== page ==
by Ira I. Boggs (1895- 1983)
I suppose that I have lived in the most progressive times of history. I was born in 1895, and I grew up in the horse and buggy days.
Like most Americans born at the turn of the century, I grew up in the country. We had only a few roads that we could get a horse and buggy over, and most of them went only from town to town. (Now, we’ve been on the moon; and we’re trying to get to the planet Mars.)
My first ride in a horse drawn buggy (or hack) was from Winona, West Virginia to Deep Water, in 1916 -- to catch a train to Charleston, West Virginia.
My first automobile ride was during the First World War — from Chicamonga Park, Georgia to Chattanooga, Tennessee (in 1917).
The first train I ever rode was a little log train that ran up King Shoals Creek. The first passenger train I ever rode was from King Shoals station to Pard, about a mile (in 1903). We rode the Shea wood burner, powered by steam. (The coal burning steam engine, the big Malla locomotive freighter, came later. The BCG, C&O, B&E, K&M, PA, N&W and the Southern Pacific Railroad Companies used it.) In Huntington Beach (California), I traveled on Interurban R.R trains pulled by electrically powered gasoline (or diesel fueled) engines, to Los Angeles and other parts of southern California. In New York City I rode on the subway.
My first airplane ride started on the beach at Huntington Beach, California (in 1921). We took off from the hard sand beach in a little (two passenger) Curtis plane. We went up to about two thousand feet and sailed out over the ocean, then back inland. The flight lasted only about fifteen minutes. (The first trip I made on an airplane was in 1961--from Wilmington, Delaware to Charleston, West Virginia)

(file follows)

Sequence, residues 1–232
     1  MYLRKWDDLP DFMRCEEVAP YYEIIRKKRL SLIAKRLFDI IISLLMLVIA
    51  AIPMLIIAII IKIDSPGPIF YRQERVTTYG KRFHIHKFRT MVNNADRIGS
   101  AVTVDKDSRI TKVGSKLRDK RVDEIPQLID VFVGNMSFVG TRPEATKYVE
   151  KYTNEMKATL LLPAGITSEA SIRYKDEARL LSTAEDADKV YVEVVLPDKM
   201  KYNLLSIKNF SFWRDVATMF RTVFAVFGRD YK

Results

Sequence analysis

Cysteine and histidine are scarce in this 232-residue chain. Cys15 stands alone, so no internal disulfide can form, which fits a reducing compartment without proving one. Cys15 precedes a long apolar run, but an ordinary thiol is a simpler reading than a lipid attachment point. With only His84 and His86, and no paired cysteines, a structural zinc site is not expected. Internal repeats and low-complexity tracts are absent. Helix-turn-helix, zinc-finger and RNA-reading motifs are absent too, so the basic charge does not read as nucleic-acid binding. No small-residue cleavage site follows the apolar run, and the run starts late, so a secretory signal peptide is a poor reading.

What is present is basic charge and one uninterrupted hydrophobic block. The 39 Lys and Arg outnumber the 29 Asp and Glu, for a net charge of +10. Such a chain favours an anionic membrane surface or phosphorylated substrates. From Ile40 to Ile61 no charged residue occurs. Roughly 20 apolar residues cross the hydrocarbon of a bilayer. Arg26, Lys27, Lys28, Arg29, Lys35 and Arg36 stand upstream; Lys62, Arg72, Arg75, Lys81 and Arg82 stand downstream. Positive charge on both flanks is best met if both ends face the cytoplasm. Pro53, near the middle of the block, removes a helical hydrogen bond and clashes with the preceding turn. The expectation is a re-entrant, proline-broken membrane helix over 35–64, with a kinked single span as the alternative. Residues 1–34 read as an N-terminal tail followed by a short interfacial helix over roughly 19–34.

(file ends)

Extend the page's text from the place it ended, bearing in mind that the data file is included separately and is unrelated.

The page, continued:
The first trip by ship was from Brooklyn harbor to France, in 1918; and I had another long voyage in 1924 — from San Pedro, Los Angeles harbor, south to the Panama Canal. We traveled through the canal and turned north, to New York harbor.
The first recorded voice I ever heard was on a phonograph (in 1904). It had a big horn, shaped like a Morning Glory, and it had a coil spring to wind every time you played a record.
The first talking movie I ever saw was at Ranger, Texas (in 1920). That was the first one in town. The first radio I ever heard was in the 20’s; and the first television I ever saw must have been in the late 40’s. (Now we can talk, or see TV, from planet to planet, hundreds of thousands of miles.)
In 1921, I attended a state fair in Los Angeles where the first electric lights were on display, along with many other inventions made by Thomas A. Edison (our greatest inventor).
The most dangerous job in my lifetime was being a machine-gunner in World War I. The average life of a machine gunner in battle was seven minutes, and I fired my gun in battle for fifteen-minutes, or more. Fortunately, that was just a little scrimmage, or I wouldn’t have lived to tell about it.
I came through the war without a scratch; but, right after the armistice, I caught the flue. In my later years, I had a near death experience due to a heart condition that was caused by that illness. I have faced many dangers in my lifetime, but my only serious physical injury occurred when I was walking to work one morning. I slipped on ice and broke my pelvis bone and some ribs.